One of the great paradoxes of international relief and development work is the inverse correlation between the amount of time one has spent in the industry and the extent to which one feels genuinely qualified to bring wide, sweeping change to poor communities in the third world. Those just starting out think it’s all simple, straightforward, cut-and-dried, black and white. It comes down to a very basic formula:
- Problem: “Those poor people ain’t got nuthin’.”
- Solution: “Give ’em somethin’.”
But then, as they stick around a little longer, move their way up the ranks in country office or HQ, the complexity, and difficulty, and far-reaching potential for negative unintended consequences increasingly sinks in. The Expat Aid Worker begins to realize not only that this is all very, well… hard, but that probability of failure is also very high, that no matter how hard she or he tries, she or he will never be “one of” the locals, and so this aid thing is all very contingent and temporal. It’s nowhere nearly as easy as “give ’em somethin’.”
Yes, the EAW comes to understand that despite having been driven around by a driver, having been called “boss” or “bwana” or “sahib” or “ong”, or having managed a budget worth millions of USD, her or his contribution was not only small potatoes but also maybe wasn’t as helpful as she or he had hoped or intended. This is a somber day, indeed, in the life of an EAW.
Like a Bat Mitzvah or ritual circumcision, this candid recognition of the frailty of the EAW’s own contribution is also the signal the she or he has finally come of age, finally attained “veteran” status.
And so, like the silverback who once having become a silverback makes a show of flinging his own dung around, there are very few ritual practices which give an Expat Aid Worker more meaning as an expression of veteran status than self-loathing.
EAW self-loathing can take many forms, including cynicism, finding themselves, and destroying idealism. Sometimes self-loathing is disguised as being enigmatic. It is the antithesis of explaining local culture to locals or dressing like locals (both utterly pointless to the silverback, and by extension, self-loathing EAW). EAW blogs and Facebook pages are the most common places to find examples of EAW self-loathing, but the relief zone pub is probably the most fun. After a hard day of running distributions or arguing with dumbasses in coordination meetings there really is nothing quite like listening to an EAW who’s been in the game for a while (after the fourth or fifth round has begun to take effect) spout a monologue tirade of self-loathing.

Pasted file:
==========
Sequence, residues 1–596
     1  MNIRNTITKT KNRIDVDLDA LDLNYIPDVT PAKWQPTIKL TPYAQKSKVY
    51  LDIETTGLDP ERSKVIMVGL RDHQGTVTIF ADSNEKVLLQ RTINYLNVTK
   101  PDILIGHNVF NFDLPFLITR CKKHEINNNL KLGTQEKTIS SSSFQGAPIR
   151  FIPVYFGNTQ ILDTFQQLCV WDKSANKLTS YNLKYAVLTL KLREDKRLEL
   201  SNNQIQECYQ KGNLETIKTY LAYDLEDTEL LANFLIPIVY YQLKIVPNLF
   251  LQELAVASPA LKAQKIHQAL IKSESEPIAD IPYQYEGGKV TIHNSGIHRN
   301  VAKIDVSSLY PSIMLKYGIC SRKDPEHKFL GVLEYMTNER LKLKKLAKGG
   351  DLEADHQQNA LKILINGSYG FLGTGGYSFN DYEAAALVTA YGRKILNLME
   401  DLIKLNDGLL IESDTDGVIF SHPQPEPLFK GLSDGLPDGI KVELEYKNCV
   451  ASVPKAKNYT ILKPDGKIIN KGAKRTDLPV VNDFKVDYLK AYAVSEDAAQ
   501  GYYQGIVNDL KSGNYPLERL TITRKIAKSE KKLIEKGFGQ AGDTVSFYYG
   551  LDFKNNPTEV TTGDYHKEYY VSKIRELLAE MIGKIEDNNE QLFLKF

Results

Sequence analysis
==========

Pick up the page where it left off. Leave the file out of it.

Conspicuous self-loathing is also a common tactic among newbies and posers who want to make the point that they’re well on the way to veteran status. Like the kid who insists on saying that he’s “five going on six.” They perceive that real self-loathing EAW have been there, seen stuff, done stuff that the real-world muggles could never imagine, let alone fathom. And so those newbies and posers like to spout righteous indignation or put you in your place as a proxy for genuine self-loathing. But take note: the real (read: “hardcore”, “scarred”, “lost soul”) veteran EAWs have nothing to prove, really. They just need to purge, to come clean, to confess.
You can also always tell the real veterans from the acolytes by asking why, if they’re so ineffective, they don’t just leave the aid industry and become bus drivers?
The acolytes: “We’ll work ourselves out of a job as soon as sufficient local capacity has been built…”
The veterans: “We have a mortgage and student loans left from the 70’s.”